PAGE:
• Approximately 5,000 migrants, despite handing over their home as a dation in payment, remained in debt.
  • AND another 5,500 still hadn’t fixed their mortgage problems, according to a technical study carried out at the request of the Embassy in Madrid, at the end of the last government.

“Many families today continue to pay between 400 and 700 euros per month, forced by the abusive clauses of the bank, which was one of the causes of the crisis, as it opened the tap to give credits of all kinds, knowing that they were going to be rescued by the Government with our taxes “, comments Sonia Ávila .

Ávila is an Ecuadorian activist who lives in Madrid and was a defender of correísmo and its legal advisory project.

“We were used. Correa took advantage of our pain, politicized this tragedy to divert public funds and benefit his friends from Podemos, giving them contracts, ”says Ávila.

She estimates that of the thousands of families who signed up for the counseling, only 30% had a tangible benefit.

“There were already free help platforms for those affected, anyone could access that help in their neighborhoods.”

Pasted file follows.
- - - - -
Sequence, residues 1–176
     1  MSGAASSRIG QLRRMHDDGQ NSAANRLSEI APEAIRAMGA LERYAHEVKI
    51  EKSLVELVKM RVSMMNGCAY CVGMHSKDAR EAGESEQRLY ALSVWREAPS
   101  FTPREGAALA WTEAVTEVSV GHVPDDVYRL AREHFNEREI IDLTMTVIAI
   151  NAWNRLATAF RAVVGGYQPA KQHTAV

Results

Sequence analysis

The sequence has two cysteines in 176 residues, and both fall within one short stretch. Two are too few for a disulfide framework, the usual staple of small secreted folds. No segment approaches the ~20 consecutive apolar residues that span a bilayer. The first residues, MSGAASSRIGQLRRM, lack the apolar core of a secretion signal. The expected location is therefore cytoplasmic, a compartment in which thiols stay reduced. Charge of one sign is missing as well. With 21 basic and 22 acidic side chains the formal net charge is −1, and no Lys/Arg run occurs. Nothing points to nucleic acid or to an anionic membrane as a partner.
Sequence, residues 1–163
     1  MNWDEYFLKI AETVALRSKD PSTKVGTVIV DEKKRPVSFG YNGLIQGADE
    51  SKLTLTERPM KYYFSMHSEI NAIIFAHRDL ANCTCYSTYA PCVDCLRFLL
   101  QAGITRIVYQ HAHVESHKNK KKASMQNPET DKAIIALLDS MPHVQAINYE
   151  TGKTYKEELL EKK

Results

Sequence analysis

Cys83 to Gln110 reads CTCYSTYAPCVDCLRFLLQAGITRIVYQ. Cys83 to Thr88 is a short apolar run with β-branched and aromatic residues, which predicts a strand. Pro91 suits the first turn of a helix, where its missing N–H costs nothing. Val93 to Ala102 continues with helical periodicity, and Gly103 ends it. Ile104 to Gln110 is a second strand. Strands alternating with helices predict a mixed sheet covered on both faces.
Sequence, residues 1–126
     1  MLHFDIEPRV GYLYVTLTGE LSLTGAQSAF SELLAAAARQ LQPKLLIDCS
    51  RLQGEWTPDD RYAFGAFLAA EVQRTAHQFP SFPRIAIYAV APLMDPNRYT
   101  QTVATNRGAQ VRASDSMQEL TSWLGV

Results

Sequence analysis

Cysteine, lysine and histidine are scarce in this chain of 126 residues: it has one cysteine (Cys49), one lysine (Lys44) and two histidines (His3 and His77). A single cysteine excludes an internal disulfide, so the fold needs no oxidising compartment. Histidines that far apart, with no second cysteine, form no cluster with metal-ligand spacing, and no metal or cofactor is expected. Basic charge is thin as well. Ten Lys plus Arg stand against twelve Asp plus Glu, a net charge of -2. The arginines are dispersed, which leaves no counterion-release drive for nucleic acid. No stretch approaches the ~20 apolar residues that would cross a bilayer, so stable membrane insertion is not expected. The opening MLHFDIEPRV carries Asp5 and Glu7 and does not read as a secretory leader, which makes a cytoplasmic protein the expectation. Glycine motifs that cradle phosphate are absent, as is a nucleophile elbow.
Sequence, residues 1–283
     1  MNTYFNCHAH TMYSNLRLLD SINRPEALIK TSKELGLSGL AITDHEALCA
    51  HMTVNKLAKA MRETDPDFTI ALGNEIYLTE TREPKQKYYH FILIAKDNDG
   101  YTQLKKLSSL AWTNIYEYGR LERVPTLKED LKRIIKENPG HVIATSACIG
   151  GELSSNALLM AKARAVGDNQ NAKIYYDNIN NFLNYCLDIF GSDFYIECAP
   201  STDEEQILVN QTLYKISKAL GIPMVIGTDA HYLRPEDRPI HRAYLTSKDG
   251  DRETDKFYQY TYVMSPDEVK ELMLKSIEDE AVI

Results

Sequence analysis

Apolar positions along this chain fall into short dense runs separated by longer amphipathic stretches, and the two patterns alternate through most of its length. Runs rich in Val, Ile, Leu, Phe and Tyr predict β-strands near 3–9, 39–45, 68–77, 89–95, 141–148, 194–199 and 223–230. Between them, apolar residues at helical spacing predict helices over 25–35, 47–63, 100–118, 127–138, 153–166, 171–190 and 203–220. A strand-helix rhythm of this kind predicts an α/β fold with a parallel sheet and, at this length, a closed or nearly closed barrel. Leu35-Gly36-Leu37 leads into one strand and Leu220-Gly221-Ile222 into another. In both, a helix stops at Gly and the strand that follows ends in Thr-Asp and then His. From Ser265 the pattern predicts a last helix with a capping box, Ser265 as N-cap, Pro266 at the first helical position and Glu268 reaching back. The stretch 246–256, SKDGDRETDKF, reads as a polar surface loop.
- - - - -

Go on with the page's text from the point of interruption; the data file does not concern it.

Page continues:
Sonia Avila

The warm water trap

Edison López is a journalist. From his channel España Latina TV he has followed the evolution of the crisis for several years. Estimates that the The service provided by the Embassy to the migrants was necessary, but over time it became disfigured.

“It’s like everything Correísmo did: he said one thing and in the end managed another,” he says.

The The trap is that “the government hired companies to provide legal advice, despite the fact that many organizations, including the PAH, already offered this free service with public defenders, even with defenders facilitated by the Spanish state ”, explains López.

In observations and interviews that he has carried out with dozens of Ecuadorians on the impact of the Embassy’s support, López found that the criteria are divided.

Half believe that it served as an initial orientation, while the other half estimates that it was only a negotiation to benefit Podemos and served as publicity for the correista project, adds López.

Ecuadorians interested in counseling, according to several interviewees, were registered and that was already noted as an achievement.

One more point for statistics and thus justify the hiring of the cooperative Kinema, founded by the deputy of Podemos Rafael Mayoral.

The truth is that, over the years, the correísmo’s mask fell off, says Vega: “each one threw to his side, took the water to his mill.”

“Government I was looking for our votes and we can also, to shore up as a party and reach the Assembly with more deputies. Correa widely won the 2013 elections and Moreno in 2017, among Ecuadorians in Spain ”, concludes Vega.